Determining The Relative Strength Of An Internal Link

Common SEO advice is that internal links are powerful. Aside from that, they are links that are easier to build and you have control of them since they are built on your site. But are they really powerful? If so, how powerful exactly? 

If internal links are only 1/10th as powerful as backlinks, then perhaps a better use of one’s time, energy, and resources should be used in building backlinks instead of internal links. 

In this test, we check if internal links are powerful, and if they are, how powerful they are when compared to backlinks.

Test Set-up

For this test, seven pages were built and indexed. An external link from a Google doc was sent to the #2 ranking page. 

Internal links were created, one per week, without a silo structure, and pointed to the 3rd ranking page. 

Another set of internal links were created, one per week, with a silo structure and pointed to the 4th ranking page. 


efore starting this test, we assumed that an backlink with a DA of 100 (Google doc) would be a lot more powerful than internal links built on a brand new site (i.e. it would take a lot of internal links to beat the external link and therefore a better use of one’s time should be spent building external links).

Hence, we were pleasantly surprised to see that it took just two internal links (using a silo structure) to beat the external link – proving that internal links are relatively powerful.

This test was actually a second attempt at this test. In the first attempt it took 5 internal links before the test page outranked the control page (the control page had nothing done to it). This highlights that the strength of internal links is really only within a silo structure. Internal links without a silo structure are relatively weak and we’ve seen in this test how the page where the non-silo’d internal links were being built to was dropped from the listings and never returned.

Clint’s Feedback

In this video, Clint discussed this test and his outlook on internal links.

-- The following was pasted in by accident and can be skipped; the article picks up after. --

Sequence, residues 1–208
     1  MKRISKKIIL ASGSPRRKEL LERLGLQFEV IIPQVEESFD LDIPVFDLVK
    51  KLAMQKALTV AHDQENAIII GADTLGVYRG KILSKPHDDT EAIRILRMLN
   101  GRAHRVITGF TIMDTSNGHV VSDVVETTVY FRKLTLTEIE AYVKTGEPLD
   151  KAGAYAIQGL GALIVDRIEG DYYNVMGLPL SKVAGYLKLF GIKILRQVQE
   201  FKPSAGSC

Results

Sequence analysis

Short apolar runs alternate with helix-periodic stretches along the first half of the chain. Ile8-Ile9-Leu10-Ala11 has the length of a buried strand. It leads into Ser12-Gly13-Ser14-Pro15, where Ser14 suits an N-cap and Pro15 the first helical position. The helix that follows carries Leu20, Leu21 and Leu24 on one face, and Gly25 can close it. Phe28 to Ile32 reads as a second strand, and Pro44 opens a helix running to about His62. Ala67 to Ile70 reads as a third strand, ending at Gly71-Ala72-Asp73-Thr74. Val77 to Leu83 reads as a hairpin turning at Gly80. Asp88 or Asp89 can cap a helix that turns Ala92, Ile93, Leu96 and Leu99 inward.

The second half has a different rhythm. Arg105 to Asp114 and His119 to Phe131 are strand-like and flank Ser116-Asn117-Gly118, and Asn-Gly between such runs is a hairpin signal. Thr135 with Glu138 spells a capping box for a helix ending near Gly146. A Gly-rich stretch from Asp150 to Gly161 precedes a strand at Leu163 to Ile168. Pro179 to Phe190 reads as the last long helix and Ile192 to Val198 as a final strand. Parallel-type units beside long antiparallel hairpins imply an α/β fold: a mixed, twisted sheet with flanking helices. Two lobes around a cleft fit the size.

Test number 56 – Determine the Relative Strength of an Internal Link 

What we’re really talking about here, at the end of the day, is silos and silo structure and there’s been a lot of people since the advent of silos – and I think Bruce Clay is probably one of the first people to actually publish about it. But there’s been a lot of people, attractors and detractors to the concept. And semantic SEO, it’s a nice coin term for keyword clusters and topic clusters and all that stuff becomes top of mind, silos are actually back and flavor. 

At the end of the day, what you’re doing is you’re creating a set of content, and one that I show a lot and as a point of reference is my Bellevue SEO page on Bellevue SEO was the top of the silo and then I have some topic pieces underneath it that are not related to SEO but more related towards the city of Bellevue because I’m going for proximity and if you’re in Bellevue, you see that I have this Bellevue content and so when you search for Bellevue SEO, I’m more likely to show it.

It actually worked pretty well, I was on page one for a while. Some negative SEO campaigns and some link stuff, and it kind of knocked everything down but no big deal. The point of the experiment, in that case that silo was an experiment to see if it was going to work and I can replicate it on bigger and better sites. So what happened is the silo boosted it up and I was actually ranking page one, top three, without any external backlinks. And that was a perfect case scenario for me and that’s something that I want to repeat. 

In this test, it was an external link against the silo and essentially, the silo beat the external link. And keep in mind, this is a Google Doc link, not necessarily some superstar link at the end of the day, and it is a fake keyword.